Manage and report on a Distributed Firewall using NSX Manager and ESXi CLI commands

 

NSX Manager

 
I wasn’t able to find any commands on NSX Manager to manage and report on the Dsitrbited Firewall. I will go ahead and skip to the ESXi commands. However, if anyone has more information, please comment below and I can add it in!
 

ESXi CLI

 
There are two different commands that are application for this section: summarize-dvfilter and vsipioctl. Luckily, summarize-dvfilter is easy to memorize, and you can tab complete it, unlucky for me and you, vsipioctl does not tab complete.. and isn’t the easiest to remember. I suggest thinking of some type of acronym to memorize the command.
 
First, let’s look at summarize-dvfilter. There doesn’t appear to be any arguments for this command, it just prints out all of the dvfilters as shown below.
 

~ # summarize-dvfilter
Fastpaths:
agent: dvfilter-faulter, refCount: 1, rev: 0x1010000, apiRev: 0x1010000, module: dvfilter
agent: ESXi-Firewall, refCount: 5, rev: 0x1010000, apiRev: 0x1010000, module: esxfw
agent: vmware-sfw, refCount: 4, rev: 0x1010000, apiRev: 0x1010000, module: vsip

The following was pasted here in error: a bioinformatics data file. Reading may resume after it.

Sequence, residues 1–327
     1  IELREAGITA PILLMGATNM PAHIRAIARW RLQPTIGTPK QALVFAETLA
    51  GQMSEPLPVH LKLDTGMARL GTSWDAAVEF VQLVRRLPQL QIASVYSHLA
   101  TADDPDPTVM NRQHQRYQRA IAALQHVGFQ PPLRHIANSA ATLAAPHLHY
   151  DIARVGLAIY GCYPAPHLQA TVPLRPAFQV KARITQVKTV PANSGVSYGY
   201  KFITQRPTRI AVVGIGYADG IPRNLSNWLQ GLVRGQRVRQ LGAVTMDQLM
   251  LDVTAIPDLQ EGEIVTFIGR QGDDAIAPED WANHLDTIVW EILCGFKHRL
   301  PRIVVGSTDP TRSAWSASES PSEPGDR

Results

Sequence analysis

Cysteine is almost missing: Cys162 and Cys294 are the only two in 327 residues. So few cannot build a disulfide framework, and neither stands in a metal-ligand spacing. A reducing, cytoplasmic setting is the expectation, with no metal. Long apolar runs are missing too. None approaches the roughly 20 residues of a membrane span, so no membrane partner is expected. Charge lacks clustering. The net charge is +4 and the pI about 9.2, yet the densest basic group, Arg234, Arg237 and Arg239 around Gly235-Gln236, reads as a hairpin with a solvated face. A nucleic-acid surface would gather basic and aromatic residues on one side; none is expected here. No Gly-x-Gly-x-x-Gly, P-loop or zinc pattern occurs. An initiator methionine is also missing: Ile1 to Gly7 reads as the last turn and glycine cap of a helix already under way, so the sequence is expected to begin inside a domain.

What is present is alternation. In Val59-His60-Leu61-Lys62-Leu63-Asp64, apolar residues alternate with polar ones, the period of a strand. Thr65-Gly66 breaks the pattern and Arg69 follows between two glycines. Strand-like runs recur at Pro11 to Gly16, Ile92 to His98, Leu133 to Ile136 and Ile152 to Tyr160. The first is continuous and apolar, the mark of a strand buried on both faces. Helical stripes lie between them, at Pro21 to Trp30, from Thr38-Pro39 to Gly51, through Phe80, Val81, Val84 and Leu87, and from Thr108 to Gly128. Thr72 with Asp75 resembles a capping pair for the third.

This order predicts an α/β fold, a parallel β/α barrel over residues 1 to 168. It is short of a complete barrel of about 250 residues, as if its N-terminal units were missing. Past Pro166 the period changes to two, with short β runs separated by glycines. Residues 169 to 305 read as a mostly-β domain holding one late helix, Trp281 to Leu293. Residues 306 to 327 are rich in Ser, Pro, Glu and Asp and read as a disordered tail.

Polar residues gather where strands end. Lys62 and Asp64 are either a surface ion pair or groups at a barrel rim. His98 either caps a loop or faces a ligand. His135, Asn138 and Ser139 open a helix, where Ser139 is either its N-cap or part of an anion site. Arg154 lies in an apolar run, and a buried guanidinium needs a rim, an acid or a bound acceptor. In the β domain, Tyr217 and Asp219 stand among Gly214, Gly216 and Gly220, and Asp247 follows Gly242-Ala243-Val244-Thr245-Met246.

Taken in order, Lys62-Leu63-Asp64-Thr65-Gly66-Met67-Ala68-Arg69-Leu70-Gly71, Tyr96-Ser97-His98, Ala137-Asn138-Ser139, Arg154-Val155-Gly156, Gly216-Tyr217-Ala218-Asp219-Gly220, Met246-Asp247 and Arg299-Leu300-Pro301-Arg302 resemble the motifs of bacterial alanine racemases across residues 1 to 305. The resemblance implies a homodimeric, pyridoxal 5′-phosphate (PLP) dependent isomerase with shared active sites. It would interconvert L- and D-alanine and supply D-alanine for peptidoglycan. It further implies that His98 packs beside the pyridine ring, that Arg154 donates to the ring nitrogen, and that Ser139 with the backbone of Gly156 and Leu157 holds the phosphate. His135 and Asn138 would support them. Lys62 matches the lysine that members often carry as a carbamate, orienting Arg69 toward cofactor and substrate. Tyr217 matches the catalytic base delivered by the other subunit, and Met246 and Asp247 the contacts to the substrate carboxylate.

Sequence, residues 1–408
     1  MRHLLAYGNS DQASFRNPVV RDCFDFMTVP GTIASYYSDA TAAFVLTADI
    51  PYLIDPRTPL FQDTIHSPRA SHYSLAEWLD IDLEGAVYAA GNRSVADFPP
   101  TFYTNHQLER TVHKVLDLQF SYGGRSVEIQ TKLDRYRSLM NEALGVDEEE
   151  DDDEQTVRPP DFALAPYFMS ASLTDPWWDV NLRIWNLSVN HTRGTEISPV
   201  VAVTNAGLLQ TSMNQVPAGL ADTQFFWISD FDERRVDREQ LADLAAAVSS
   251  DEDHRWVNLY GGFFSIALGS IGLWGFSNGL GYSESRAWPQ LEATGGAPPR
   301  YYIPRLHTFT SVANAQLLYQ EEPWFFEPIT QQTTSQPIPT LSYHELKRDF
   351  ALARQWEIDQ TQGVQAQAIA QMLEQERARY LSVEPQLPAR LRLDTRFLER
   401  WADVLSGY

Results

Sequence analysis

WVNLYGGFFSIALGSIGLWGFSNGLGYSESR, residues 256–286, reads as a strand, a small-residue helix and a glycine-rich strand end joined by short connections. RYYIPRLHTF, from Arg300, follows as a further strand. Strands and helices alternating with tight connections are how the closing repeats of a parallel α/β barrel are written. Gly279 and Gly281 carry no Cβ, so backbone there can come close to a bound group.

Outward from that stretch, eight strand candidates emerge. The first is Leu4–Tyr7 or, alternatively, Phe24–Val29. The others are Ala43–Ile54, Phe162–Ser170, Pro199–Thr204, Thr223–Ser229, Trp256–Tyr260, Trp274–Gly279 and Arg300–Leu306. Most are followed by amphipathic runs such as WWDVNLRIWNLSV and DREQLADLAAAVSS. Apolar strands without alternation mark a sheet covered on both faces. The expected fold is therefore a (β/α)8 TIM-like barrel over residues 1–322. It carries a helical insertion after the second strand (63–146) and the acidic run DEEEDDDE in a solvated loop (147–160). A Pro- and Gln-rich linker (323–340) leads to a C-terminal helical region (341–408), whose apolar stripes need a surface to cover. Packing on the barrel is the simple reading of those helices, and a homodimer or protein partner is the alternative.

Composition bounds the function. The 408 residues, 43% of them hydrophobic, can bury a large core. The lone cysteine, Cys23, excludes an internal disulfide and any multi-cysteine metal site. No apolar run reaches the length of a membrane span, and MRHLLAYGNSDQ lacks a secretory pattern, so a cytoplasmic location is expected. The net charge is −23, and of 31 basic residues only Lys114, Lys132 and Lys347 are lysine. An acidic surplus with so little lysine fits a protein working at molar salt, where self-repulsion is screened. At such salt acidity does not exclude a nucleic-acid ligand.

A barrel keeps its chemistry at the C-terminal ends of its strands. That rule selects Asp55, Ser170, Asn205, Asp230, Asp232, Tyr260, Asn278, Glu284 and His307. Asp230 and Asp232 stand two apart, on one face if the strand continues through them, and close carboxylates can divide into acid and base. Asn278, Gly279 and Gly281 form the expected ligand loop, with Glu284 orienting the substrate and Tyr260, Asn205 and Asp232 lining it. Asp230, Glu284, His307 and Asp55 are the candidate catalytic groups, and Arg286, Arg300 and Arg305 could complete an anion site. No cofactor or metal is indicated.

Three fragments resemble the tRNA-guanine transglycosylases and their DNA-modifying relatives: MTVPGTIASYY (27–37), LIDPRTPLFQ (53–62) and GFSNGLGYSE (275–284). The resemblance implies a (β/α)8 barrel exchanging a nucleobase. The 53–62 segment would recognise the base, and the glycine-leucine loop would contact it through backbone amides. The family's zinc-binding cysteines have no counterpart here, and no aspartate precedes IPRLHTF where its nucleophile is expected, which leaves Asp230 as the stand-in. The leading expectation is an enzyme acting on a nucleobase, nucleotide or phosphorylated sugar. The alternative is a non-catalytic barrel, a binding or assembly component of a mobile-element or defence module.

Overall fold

agent: dvfilter-generic-vmware-swsec, refCount: 8, rev: 0x1010000, apiRev: 0x1010000, module: dvfilter-switch-security
agent: bridgelearningfilter, refCount: 1, rev: 0x1010000, apiRev: 0x1010000, module: vdrb
agent: dvfilter-generic-vmware, refCount: 1, rev: 0x1010000, apiRev: 0x1010000, module: dvfilter-generic-fastpath
agent: dvfg-igmp, refCount: 1, rev: 0x1010000, apiRev: 0x1010000, module: dvfg-igmp

Slowpaths:

Filters:
world 0 
 port 33554438 vmk0
  vNic slot 0
   name: nic-0-eth4294967295-ESXi-Firewall.0
   agentName: ESXi-Firewall
   state: IOChain Attached
   vmState: Detached
   failurePolicy: failOpen
   slowPathID: none
   filter source: Invalid
 port 67108878 vmk1
  vNic slot 0
   name: nic-0-eth4294967295-ESXi-Firewall.0
   agentName: ESXi-Firewall
   state: IOChain Attached
   vmState: Detached
   failurePolicy: failOpen
   slowPathID: none
   filter source: Invalid
...
...cont.

You will want to take this command, and grep out the specific UUID of a VM and use that for the vsipioctl command. For example, let’s look at my “Windows7_(Web_2)” Virtual Machine.
 

~ # summarize-dvfilter | grep "Windows7_(Web_2)"
world 2861488 vmm0:Windows7_(Web_2) vcUuid:'50 16 85 37 57 b1 81 e4-0f 7e 63 17 e0 d6 02 09'

 
From there, you can use vsipioctl command to crosscheck the VM and it’s policies. Before I dig into vsipioctl, let’s look at the command usage. Type vsipioctl in the command prompt, then hit enter. This will show you all of the arguments.
 

~ # vsipioctl
Usage: vsipioctl  
  below is a list of available cmd:
    getfilters      : get list of filters
    getfwfilters    : obsolete, use getfilters instead
    getrules        : get rules of a filter
    getfwrules      : obsolte, use getrules instead
    getaddrsets     : get addrsets of a filter
    getfwaddrsets   : obsolte, use getaddrsets instead
    getspoofguard   : get spoofguard setting of a filter
    getfwspoofguard : obsolete, use getspoofguard instead
    getflows        : get flows of a filter
    getfwflows      : obsolete, use getflows instead